Morning two, day three Tom and I set out to South Campground. The evening before we’d walked up the Watchman Trail and saw South Campground. Everybody agreed it looked cooler than our current campground. On the river, sites with multiple tents going beyond two, Airstreams in the campground, Sportsmobiles, climbers, folks with heavy hiking gear. Clearly South Campground was the “cool kids” campground!
So Tom and I cruised the campground at 7 a.m. Vultures circing campsites in a Nissan Titan. There were several nice spots right on the river. Many nice spots. Heck, the spots not on the river were nice too!
After two passes through the sites we settled on one really close to the river. We popped a tag on the site as two other folks were checking out the site as well. They didn’t look happy. Ah well, should have gotten up earlier.
While we finished filling out the form caretakers popped by. We talked to them about our tents and guess what. More than 2 are acceptable. They just wanted to make sure we didn’t camp on anything growing. The 2 tent limit isn’t hard and fast. It’s dependent on the size of the tents, etc. Rational folks using their ability to think. Hmmmm…….few and far between. I should have gotten their contact information! 🙂
After letting everybody know we’d secured a new site we broke camp, lost out on 2 nights of our old site ($32 isn’t a big loss) and headed over to the new river side site. We were all happy. No “camp Nazis” patrolling in their little golf cart threatening tickets to the quietest folks in the park (i.e. my truck alarm did not go off once on the trip).
The new site made me happy. So happy that once we set up we all jumped in a shuttle and headed to the Virgin Narrows.
The ride up to the Virgin Narrows is the final stopping point for the shuttle buses. Nice ride, great views, good temperatures. It was all good. And with the over dosing of the allergy meds and the rest I was feeling more than 50% human, so that was great too!
The initial river walk into the narrows is nice and paved. We hiked with a giant pack of people. Everyone seemed to be at that particular part of the park for the day. A Friday too…..and the place was mobbed.
I struck up a conversation with 2 people walking ahead of us. They had waterproof booties, and as I learned, the wife had waterproof pants too (wet suit style). The Virgin River is still chilly, and once you leave the river walk you get to walk in the river.
While the bulk of my party prepared themselves I decided to walk up stream a little way. My Chaco Sandals on, I was ready for anything. Well, almost anything. That water was COLD. Somewhere in the 40’s I’d say. And in a shaded Canyon. Oh yeah, I wanted a wet suit as well.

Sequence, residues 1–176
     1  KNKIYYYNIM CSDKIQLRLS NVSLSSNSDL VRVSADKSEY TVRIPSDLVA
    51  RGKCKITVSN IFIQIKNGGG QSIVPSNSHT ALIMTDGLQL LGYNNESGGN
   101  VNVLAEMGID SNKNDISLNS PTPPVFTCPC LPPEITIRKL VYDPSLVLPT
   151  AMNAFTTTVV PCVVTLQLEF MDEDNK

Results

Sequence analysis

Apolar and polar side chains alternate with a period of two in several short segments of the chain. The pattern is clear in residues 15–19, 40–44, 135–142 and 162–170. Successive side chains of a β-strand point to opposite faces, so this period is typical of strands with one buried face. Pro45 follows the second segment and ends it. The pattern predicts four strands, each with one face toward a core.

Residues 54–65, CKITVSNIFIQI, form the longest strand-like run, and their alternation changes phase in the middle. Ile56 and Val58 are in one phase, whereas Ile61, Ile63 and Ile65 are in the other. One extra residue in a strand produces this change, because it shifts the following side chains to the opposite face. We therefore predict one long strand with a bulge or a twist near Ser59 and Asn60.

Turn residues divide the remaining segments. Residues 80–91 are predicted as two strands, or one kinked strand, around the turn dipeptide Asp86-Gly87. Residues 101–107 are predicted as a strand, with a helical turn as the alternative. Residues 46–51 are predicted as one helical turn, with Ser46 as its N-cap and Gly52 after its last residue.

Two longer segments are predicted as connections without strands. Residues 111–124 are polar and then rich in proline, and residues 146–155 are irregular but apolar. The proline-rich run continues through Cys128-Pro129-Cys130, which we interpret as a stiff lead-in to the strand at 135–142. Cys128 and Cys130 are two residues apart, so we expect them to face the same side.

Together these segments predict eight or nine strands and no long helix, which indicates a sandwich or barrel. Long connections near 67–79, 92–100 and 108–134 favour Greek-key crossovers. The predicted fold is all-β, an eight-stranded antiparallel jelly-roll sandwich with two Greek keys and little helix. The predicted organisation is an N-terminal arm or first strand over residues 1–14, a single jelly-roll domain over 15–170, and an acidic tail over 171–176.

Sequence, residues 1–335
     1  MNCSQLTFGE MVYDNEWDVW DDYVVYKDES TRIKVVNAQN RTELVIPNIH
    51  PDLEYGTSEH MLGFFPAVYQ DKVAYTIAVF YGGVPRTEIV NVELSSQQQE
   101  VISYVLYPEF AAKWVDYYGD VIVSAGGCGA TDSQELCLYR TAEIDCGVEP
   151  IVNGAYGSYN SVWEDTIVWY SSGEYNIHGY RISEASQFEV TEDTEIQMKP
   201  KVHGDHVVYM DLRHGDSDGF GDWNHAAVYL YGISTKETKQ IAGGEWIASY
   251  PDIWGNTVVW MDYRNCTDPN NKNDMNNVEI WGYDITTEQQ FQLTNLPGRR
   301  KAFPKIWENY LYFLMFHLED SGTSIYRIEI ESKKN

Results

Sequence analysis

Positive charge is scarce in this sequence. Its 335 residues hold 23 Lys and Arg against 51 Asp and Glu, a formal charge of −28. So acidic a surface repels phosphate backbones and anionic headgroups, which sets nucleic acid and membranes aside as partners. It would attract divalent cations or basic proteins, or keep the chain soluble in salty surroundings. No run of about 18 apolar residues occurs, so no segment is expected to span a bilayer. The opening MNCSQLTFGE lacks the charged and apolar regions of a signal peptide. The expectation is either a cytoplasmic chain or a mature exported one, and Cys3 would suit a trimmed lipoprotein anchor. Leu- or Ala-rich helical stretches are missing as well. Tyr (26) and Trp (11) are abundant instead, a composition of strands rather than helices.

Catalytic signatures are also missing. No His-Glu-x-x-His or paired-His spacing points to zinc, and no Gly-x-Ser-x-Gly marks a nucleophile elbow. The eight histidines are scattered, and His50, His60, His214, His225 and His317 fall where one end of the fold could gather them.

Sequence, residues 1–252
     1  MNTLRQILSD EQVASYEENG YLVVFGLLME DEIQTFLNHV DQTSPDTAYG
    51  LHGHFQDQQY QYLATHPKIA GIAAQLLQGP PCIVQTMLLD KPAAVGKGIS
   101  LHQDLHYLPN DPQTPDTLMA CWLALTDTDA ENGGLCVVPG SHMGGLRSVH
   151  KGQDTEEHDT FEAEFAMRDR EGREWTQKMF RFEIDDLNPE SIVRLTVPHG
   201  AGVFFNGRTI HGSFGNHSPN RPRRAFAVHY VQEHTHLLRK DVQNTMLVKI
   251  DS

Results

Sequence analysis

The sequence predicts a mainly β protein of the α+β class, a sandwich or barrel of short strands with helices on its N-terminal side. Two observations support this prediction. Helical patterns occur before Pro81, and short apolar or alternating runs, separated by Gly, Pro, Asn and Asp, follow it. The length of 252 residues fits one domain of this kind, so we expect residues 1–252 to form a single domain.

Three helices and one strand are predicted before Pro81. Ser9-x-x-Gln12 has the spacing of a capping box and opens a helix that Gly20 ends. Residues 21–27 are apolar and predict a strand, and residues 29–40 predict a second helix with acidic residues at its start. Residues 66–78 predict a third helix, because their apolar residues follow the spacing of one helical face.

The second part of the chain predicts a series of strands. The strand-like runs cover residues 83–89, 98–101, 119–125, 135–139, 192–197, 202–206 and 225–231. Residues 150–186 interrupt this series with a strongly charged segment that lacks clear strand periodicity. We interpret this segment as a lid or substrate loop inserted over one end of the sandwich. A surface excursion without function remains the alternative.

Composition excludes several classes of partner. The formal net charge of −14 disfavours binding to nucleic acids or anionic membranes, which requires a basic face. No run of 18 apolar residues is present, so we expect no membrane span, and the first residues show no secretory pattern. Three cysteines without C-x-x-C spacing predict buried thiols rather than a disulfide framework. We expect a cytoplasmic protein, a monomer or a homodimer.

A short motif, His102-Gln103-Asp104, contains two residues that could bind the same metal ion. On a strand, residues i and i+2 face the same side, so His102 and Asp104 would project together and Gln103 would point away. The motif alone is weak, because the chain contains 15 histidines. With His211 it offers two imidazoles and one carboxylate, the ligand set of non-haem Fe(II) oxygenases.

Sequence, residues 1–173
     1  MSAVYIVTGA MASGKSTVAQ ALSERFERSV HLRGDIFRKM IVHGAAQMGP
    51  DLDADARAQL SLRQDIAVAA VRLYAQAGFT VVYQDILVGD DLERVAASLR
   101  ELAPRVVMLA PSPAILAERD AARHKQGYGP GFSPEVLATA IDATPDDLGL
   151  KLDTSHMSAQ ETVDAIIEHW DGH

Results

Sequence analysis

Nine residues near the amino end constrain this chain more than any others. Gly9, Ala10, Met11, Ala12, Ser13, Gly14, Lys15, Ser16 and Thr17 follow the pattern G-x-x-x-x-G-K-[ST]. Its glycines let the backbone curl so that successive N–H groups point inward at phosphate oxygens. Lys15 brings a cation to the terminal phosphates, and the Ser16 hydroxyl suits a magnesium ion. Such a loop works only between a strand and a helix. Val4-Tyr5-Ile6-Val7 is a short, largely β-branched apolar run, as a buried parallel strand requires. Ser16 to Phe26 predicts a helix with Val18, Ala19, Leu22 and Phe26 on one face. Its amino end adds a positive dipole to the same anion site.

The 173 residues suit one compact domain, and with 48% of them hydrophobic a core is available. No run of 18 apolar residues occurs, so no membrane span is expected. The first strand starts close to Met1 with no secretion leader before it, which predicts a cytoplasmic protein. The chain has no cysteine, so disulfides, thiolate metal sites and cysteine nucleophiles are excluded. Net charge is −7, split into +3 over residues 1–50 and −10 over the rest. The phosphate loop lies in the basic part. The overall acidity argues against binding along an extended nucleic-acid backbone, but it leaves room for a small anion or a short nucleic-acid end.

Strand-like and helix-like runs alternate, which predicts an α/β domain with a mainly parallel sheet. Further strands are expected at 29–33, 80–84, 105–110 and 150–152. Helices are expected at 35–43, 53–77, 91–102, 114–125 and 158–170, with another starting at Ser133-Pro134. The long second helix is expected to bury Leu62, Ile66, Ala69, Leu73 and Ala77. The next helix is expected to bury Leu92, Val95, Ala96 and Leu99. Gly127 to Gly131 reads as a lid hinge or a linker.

All of us hiked up several bends, then I saw people getting much deeper into the water ahead of us. No hypothermia for me. I wasn’t going to go that far in if it meant really getting wet. I had already hiked with water over my knees. And I couldn’t feel my legs. No thanks. I told everyone to go on ahead.
As I started walking back to take pictures I heard an ominous sound. A clap of thunder. Shortly afterward, another. Not long after my friends could be seen coming back toward me. Something about being in slot canyons with thunderstorms just doesn’t seem like a good idea.
We made our way back along the river walk under gray skies. Not long before we reached the shuttle stop the rains started. Cold rain. Cold rain on cold people who had been in a cold river…….cold. 🙂
After returning to our campsite the rains let up for a while. I decided to head into town for a while, some sat by the river reading books, Tom came along for the town ride. We checked out the local outfitters, poked around shops, and saw the heavy storm clouds in the distance. The rain resumed.
Heading back to camp we discovered it hadn’t started pouring there yet. Not long after the return though the downpours began. And they were downpours! We all headed into town, a Mexican restaurant was selected, and we waited out the storm.
While camp was soggy on our return it was still manageable. So, a damp night in the tents for all. Definitely a water filled day all around.